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Effect of Triazophos on Esterase Activity and Protein Contents of Liver, Kidney, Brain, Blood and Muscles of Catla catla, Labeo rohita and Cirrhinus mrigala.

Byline: Ghazala, Shahid Mahboob, K. A. Al-Ghanim, Salma Sultana, H. F. Alkahem Al-Balawi, Tayyaba Sultana, F. Al-Misned, L. Ahmed and Z. Ahmed

ABSTRACT

The objective of this study was to evaluate the effect of commercial formulation of triazophos on esterase activity in the liver, kidney, brain, blood and muscles of Catla catla, Labeo rohita and Cirrhinus mrigala fingerlings. Toxicity of triazophos was tested in the fingerlings of major carps following static bioassay and probit analysis. The fingerlings of C. catla, L. rohita and C. mrigala were exposed to three sub lethal concentrations: 1/5th (0.97, 0.48, 0.32), 1/10th (1.33, 0.66, 0.44) and 1/15th (0.12, 0.06 and 0.04 mg/L) part of LC50 of triazophos in three replicates for 8 weeks. The activity of cholinesterases (acetylcholinesterase and butyrylcholinesterase) was significantly inhibited even at the lowest concentrations of triazophos in brain, blood, gills, muscle, kidneys and liver. It has been concluded that cholinesterases in liver were more inhibited compared to those of brain, kidney and muscles.

Key words

Triazophos, esterase activity, major carps.

INTRODUCTION

Pesticides are important in protection of crops against different insects and play an important role in the yield of various cash crops, on one hand, but on the other hand, they are severely harmful for the human being and also contaminate soil, water, air and eatables for years. Effort is being made to minimize the application of pesticides and save crops from pests by genetic engineering, integrated pest management and use of biocontrol agents (Ghazala et al., 2014). In the meantime, however, the pesticides are still being used in bulk in developing and underdeveloped countries. Excessive use of these pesticides results in water pollution and toxicity to fish, which indirectly have adverse effects on human beings. Chronic exposure to lower doses of pesticides may have more severe effects compared with acute poisoning.

Pesticide doses that are not lethal to fish, may adversely cause physiological and behavioral changes, that impairs both survival and reproduction in fish (Kegley et al., 1999). Metabolic changes, growth impairment, enzyme inhibition, decrease in the longevity and fecundity of the fish are few prominent biochemical changes induced by pesticide stress (Murty, 1986). The fish exhibit quick body movement, restlessness, convulsions, excess mucous secretion, respiratory problems, loss of balance and change in color when exposed to different pesticides (Haider and Inbaraj, 1986). The main biological function of acetylcholinesterase (AChE) and butyrylcholinesterase (BuChE) is to regulate the transmission of nerve impulse through the neurotransmitter of acetylcholine (ACh). The protein contents have been shown to decrease in the brain, gills, muscle, kidney and liver function after pesticide stress (WHO, 1986a, b).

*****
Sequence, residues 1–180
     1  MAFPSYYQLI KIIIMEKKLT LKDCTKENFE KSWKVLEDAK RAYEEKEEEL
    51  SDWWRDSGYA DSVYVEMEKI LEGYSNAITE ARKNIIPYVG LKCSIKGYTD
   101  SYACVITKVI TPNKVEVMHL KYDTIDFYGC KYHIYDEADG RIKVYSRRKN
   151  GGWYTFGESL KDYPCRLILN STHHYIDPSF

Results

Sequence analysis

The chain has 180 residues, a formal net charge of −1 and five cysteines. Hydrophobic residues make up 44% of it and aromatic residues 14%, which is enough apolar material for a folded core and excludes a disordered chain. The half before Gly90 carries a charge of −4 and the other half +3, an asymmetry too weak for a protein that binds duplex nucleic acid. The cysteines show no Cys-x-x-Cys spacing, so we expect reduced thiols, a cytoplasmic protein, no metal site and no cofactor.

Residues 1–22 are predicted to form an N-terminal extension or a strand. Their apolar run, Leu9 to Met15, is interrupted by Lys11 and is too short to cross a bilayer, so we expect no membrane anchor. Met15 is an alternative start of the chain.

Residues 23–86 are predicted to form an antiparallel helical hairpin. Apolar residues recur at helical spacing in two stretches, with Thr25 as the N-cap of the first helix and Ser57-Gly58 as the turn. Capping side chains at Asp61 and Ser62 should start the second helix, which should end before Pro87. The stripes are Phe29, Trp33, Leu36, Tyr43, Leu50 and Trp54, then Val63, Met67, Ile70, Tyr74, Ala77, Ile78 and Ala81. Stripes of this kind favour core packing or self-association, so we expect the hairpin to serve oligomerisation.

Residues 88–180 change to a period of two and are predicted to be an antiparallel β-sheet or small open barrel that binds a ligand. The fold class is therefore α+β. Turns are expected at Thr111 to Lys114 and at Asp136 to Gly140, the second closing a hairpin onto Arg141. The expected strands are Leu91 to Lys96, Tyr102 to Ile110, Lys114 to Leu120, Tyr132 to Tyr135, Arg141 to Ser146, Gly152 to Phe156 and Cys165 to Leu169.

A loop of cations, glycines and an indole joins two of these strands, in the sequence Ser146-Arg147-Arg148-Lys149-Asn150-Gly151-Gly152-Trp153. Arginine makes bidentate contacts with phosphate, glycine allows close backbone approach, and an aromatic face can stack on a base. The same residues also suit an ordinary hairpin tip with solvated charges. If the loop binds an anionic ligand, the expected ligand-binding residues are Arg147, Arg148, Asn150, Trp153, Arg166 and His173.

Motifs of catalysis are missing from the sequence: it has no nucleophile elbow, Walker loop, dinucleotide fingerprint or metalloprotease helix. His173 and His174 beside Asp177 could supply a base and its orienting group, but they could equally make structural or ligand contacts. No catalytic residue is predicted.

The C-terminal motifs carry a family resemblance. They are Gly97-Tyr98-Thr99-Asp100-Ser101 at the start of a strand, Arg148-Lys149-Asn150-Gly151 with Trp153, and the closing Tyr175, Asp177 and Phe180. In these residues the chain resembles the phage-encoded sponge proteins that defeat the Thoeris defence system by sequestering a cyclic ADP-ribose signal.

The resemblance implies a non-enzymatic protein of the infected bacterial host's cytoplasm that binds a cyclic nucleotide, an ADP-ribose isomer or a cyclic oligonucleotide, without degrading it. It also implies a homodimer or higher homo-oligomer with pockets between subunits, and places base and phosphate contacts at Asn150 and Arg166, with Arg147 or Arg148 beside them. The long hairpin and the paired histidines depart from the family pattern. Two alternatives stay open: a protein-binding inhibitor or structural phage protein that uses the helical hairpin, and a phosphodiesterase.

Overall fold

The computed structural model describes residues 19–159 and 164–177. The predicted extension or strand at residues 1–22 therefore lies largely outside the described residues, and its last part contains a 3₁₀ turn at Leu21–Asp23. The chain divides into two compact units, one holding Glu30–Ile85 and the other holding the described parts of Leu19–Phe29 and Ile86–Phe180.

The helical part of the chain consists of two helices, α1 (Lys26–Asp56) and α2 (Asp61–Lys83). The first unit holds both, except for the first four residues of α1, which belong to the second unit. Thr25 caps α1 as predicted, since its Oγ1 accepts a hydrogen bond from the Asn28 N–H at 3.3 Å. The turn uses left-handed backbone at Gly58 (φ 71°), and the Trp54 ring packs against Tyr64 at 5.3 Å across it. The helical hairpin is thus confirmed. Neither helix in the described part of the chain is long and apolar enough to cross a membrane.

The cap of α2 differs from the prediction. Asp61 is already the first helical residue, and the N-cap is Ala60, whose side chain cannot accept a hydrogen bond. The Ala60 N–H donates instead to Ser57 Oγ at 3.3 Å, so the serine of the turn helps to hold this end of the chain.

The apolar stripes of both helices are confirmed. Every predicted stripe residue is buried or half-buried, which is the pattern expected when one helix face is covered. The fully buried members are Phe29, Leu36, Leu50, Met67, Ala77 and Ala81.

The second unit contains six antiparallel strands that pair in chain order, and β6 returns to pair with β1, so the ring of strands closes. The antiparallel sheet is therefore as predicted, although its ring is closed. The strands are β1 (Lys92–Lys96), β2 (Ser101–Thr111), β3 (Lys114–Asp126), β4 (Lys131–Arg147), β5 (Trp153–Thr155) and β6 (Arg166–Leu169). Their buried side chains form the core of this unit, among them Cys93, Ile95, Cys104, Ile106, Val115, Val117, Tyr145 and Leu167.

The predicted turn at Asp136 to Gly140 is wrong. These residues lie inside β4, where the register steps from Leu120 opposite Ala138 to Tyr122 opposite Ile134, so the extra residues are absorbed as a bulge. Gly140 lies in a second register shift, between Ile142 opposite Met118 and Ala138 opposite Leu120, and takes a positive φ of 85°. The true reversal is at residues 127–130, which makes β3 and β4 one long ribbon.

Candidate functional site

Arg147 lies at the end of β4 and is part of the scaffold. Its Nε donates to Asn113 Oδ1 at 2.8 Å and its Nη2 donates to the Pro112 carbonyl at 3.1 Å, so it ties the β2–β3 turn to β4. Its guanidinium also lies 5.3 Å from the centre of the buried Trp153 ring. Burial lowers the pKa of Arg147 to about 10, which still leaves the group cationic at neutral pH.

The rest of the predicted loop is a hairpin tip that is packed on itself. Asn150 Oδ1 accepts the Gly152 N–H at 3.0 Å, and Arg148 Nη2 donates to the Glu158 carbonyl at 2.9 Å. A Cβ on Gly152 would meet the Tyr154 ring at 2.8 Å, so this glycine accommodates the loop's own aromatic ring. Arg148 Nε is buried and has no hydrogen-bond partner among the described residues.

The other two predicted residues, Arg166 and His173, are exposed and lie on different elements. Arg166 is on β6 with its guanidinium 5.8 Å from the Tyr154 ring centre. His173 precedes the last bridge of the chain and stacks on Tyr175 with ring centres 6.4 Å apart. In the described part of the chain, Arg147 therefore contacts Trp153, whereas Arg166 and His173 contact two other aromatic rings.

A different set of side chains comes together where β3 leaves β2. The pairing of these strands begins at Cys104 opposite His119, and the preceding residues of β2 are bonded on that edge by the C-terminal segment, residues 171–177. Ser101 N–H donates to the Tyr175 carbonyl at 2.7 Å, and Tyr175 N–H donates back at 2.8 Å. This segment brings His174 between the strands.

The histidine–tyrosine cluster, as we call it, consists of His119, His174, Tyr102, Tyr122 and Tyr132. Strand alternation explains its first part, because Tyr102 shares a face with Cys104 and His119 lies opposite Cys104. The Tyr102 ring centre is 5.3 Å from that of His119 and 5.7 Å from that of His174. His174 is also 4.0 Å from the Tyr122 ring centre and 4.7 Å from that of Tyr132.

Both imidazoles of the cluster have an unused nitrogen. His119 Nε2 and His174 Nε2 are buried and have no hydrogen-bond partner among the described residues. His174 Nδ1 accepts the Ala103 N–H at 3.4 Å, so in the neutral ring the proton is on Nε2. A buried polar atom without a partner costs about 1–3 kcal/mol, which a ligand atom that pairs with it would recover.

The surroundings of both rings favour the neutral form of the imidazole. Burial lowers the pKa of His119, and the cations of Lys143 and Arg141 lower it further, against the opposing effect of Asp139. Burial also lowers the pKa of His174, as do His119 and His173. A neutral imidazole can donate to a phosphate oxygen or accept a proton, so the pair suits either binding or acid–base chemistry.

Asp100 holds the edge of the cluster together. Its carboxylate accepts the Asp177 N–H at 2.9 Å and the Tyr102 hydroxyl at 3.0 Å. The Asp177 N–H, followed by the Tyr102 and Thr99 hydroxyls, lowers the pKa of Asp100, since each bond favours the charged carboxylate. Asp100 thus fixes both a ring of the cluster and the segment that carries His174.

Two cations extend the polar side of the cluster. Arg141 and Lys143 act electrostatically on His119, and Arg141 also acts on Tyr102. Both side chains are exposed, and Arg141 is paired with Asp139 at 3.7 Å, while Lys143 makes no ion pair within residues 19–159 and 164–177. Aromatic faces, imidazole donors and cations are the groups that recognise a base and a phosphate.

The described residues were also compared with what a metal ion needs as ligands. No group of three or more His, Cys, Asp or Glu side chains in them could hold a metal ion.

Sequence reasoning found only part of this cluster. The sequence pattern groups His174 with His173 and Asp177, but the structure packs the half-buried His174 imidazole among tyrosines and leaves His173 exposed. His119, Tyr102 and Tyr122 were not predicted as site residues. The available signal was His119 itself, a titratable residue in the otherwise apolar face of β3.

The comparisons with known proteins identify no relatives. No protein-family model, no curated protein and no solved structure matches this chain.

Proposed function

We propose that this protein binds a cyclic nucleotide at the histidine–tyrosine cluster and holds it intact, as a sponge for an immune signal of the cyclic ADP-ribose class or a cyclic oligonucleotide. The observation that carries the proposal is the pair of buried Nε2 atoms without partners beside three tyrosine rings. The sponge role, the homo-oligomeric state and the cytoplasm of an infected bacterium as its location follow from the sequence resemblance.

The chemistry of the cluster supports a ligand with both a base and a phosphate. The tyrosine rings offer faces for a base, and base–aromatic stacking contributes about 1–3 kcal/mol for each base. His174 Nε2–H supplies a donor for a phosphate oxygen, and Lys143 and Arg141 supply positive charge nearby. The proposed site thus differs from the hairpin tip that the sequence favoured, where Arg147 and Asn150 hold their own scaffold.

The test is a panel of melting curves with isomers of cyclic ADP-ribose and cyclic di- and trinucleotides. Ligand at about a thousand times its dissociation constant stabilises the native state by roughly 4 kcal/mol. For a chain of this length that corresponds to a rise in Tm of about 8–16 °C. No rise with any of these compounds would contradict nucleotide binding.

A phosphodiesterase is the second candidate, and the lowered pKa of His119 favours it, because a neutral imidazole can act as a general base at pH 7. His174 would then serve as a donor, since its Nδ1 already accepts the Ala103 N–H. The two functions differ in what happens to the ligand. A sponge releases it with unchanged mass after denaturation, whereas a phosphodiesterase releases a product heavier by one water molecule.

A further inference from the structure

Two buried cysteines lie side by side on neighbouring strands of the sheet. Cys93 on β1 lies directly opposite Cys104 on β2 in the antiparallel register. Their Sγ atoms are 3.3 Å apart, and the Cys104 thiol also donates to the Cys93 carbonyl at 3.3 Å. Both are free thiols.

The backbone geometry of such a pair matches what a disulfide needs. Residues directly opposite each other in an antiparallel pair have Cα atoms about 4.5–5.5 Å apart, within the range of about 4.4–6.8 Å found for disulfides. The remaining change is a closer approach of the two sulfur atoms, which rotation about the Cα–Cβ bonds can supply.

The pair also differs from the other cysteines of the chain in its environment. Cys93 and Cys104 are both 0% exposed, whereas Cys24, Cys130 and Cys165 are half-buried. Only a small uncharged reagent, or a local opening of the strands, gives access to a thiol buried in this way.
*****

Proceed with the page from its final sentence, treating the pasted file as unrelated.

In this paper, we evaluated the esterase activity in brain, liver, kidney, muscle and blood of C. catla, L. rohita and C. mrigala after exposure to triazophos.

MATERIALS AND METHOD

Fish and its maintenance

Healthy fingerlings of C. catla, L. rohita and C. mrigala (length 906 mm and 30.002.00 g body weights) were purchased from Fish Seed Hatcher, Faisalabad and maintained in 70 L glass aquaria in the laboratory and fed on commercial feed. The specimens were acclimatizatized for two weeks prior to pesticide exposure. Electrical conductivity, pH and temperature of aquarium water were maintained at 2.70-2.80 mS, 8.85-9.40 and 271C, respectively.

Procedure adopted

Technical grades of triazophos 90% [diethyl o-(1-phenyl-1h-1, 2, 4-triazol-3-yl) phosphoro-thioate)] was purchased from Ali Akbar Enterprises, Lahore, Pakistan. Triazophos was dissolved in methanol (Analytical grade, Merck) as 1/5th, 1/10th and 1/15th part of LC50 (predetermined). To confirm the solubility of pesticides in water, 1ppm concentration of each pesticide dissolved in relevant solvent and the test water sample was prepared and was confirmed with HPLC (Model L7400). Fish were exposed to these lower concentrations of pesticides in triplicates with 20 fish at each concentration for a period of 60 days. The fingerlings of C. catla, L. rohita and C. mrigala were exposed to the 3 sub lethal concentrations of 0.97, 0.48, 0.32; 1.33, 0.66, 0.44 and 0.12, 0.06 and 0.04 mg/ L, respectively of triazophos in three replicates for 60 days. The control fishes were exposed to carrier solvent alone. The fish were fed daily with commercial diet twice a day with an interval of 8 h.